Ontario is considering granting some degree of immunity from civil lawsuits related to COVID-19, CBC News has learned.
The move would protect organizations and people — including health-care providers — from lawsuits if they spread COVID-19 while acting in good faith, according to a provincial government source.
Another source close to the government said a key purpose of the legislation would be to prevent lawsuits against companies whose staff unwittingly infect customers or other workers as the province allows more non-essential businesses to resume operating.
Premier Doug Ford confirmed Tuesday that an immunity provision is on his government’s radar.
“We’re sitting down as cabinet today, and then over the next few days, and we would consider that,” Ford said in response to a question from CBC News.
Asked for more details about what the government is considering, a spokesperson for Attorney General Doug Downey said in an email, “We have nothing to add to the premier’s comments.”
Ford also said Wednesday that he is “not supporting bad actors.
“I’m holding these people accountable. When we get through this whole process and find out exactly what happened in these homes, there’s going to be accountability,” he said.
It’s unclear what effect — if any — Ontario’s move would have on the handful of lawsuits already filed against long-term care providers over the deaths of seniors from COVID-19.
The group representing the bulk of Ontario’s nursing homes says “the unprecedented nature of this virus” warrants immunity from legal action except where an operator acts recklessly or irresponsibly.
“Civil liability protection is a necessary measure to stabilize and renew Ontario’s entire long-term care sector,” said Donna Duncan, CEO of the Ontario Long-Term Care Association.
“Without it, many insurance companies will cease coverage and long-term care providers would be unable to continue operating,” Duncan said in an email to CBC News.
“It in no way absolves responsibility when it comes to issues of gross negligence. There remains zero tolerance for the abuse and neglect of our seniors and any reckless or irresponsible operator should still be held accountable.”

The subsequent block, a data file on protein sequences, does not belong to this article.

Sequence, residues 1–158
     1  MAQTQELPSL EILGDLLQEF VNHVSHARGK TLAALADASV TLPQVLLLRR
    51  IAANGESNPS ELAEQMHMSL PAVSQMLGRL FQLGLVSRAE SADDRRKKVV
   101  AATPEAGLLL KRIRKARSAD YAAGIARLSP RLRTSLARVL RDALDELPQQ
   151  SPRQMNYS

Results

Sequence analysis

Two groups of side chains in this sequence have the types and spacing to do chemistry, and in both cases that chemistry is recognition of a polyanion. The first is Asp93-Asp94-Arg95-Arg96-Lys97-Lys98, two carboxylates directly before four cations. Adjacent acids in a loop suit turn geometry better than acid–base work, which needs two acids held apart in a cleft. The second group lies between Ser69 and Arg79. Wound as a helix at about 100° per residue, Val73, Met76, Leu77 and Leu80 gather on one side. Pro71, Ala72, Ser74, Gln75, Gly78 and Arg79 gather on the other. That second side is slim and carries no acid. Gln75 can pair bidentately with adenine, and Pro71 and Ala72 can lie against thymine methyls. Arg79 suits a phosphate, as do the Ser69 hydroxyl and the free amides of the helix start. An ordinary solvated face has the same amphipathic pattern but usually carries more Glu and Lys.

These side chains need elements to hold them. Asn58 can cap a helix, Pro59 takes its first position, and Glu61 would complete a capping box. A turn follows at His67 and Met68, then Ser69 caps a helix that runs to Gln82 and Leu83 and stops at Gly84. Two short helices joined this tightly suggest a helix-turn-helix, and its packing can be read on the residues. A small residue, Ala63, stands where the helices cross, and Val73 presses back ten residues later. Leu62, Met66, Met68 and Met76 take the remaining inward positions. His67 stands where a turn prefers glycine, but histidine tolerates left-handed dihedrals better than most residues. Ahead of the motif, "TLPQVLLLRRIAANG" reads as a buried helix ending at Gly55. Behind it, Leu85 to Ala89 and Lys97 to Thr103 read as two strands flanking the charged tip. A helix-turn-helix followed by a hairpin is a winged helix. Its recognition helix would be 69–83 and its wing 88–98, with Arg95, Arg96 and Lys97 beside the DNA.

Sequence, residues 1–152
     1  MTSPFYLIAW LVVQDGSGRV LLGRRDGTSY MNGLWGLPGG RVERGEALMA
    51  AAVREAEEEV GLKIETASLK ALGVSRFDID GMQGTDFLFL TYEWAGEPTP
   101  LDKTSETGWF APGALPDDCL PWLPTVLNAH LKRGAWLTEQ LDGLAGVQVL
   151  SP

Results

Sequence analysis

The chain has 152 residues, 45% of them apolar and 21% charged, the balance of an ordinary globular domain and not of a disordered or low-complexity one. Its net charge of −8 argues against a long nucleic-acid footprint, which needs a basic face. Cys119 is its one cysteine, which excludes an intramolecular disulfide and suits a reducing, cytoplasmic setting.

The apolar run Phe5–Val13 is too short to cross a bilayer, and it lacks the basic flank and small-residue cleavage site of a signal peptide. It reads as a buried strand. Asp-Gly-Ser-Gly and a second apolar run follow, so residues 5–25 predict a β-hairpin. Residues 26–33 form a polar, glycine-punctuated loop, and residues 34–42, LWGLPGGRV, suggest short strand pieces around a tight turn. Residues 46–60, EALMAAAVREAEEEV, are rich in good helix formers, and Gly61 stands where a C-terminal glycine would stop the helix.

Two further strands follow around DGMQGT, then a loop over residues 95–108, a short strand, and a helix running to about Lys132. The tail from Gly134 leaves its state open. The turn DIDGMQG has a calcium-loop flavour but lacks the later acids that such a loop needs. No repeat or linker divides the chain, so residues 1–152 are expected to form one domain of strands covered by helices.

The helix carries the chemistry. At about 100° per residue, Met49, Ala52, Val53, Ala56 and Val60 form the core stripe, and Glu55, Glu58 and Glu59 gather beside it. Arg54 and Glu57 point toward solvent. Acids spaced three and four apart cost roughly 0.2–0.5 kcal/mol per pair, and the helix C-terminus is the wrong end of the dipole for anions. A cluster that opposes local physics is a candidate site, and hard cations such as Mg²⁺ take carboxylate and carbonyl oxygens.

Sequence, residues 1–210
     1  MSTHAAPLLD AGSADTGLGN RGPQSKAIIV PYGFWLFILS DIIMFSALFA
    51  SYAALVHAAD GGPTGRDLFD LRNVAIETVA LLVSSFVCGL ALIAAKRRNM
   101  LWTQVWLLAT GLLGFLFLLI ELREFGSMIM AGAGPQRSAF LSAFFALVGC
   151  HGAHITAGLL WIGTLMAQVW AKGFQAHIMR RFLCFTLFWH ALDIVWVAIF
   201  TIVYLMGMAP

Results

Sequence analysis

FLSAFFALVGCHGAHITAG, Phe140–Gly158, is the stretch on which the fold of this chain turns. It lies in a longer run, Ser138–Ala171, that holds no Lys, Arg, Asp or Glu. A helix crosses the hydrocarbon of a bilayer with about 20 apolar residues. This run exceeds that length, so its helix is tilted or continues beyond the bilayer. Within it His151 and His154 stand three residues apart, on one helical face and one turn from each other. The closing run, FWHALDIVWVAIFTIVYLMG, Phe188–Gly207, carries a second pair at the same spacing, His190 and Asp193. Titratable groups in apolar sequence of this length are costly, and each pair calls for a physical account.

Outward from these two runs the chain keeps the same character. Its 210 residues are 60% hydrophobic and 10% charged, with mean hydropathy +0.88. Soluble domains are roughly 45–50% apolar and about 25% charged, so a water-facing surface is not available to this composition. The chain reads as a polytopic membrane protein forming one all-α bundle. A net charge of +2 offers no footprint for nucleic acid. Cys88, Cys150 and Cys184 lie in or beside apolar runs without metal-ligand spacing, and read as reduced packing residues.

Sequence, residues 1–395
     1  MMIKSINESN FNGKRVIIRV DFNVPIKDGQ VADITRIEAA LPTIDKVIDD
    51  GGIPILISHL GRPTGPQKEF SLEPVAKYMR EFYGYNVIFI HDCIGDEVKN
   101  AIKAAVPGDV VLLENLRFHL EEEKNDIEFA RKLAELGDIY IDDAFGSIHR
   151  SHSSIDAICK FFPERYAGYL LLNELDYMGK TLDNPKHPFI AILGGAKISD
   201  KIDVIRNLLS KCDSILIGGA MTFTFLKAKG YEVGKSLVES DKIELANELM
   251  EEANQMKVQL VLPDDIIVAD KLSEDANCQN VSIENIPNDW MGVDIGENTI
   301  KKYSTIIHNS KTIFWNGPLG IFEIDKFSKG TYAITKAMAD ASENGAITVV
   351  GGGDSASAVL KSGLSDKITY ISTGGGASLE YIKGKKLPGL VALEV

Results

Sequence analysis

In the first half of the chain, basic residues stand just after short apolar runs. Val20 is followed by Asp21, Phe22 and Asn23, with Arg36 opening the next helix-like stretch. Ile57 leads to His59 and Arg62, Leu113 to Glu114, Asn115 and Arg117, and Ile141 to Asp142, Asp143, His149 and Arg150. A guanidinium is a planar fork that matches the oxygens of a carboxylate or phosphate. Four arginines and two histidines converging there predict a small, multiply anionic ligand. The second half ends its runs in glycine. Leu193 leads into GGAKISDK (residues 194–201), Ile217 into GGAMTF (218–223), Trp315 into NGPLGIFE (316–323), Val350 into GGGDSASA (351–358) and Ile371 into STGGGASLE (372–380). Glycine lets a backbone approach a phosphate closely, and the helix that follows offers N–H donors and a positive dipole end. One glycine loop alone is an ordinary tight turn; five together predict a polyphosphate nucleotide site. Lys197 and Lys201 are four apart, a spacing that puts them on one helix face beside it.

British Columbia passed a cabinet order this spring saying any person or corporation “providing an essential service” is not liable for damages resulting from COVID-19 infections.
The list of B.C. essential service providers granted immunity extends from front-line health workers to long-term care facilities and grocery stores. However, immunity does not apply in all circumstances. Someone could still be found liable in cases of gross negligence or for failing to follow public health guidance.
“Under no circumstance should any immunity protection be granted to long-term care homes and their for-profit corporate owners for the conditions they created that led to the virus spreading through their facilities in the first place,” said Stephen Birman and Lucy Jackson, lawyers at the Toronto firm Thomson, Rogers.
“Families trusted these long-term care homes to take care of their loved ones and to protect them from infection and neglect,” Birman and Jackson said in a statement emailed to CBC News.
The two lawyers have initiated class-action claims on behalf of residents of Altamont Care Community in Scarborough and Woodbridge Vista Care Community in Vaughan.
Other lawsuits launched in Ontario include:
- A $100-million class action launched in May against Revera Retirement Living and Sienna Senior Living. Between them, the two companies own more than 130 nursing homes in Ontario.
- A class-action claim launched on behalf of anyone who lived at any of Chartwell’s 27 long-term care homes in the province.
- A class-action claim against six long-term care homes owned, operated or managed by Responsive Group Inc.
None of these lawsuits has been tested in court, or certified by a judge to proceed as a class action.
Official provincial figures show 1,794 residents of long-term care homes have died of COVID-19.
View original article here Source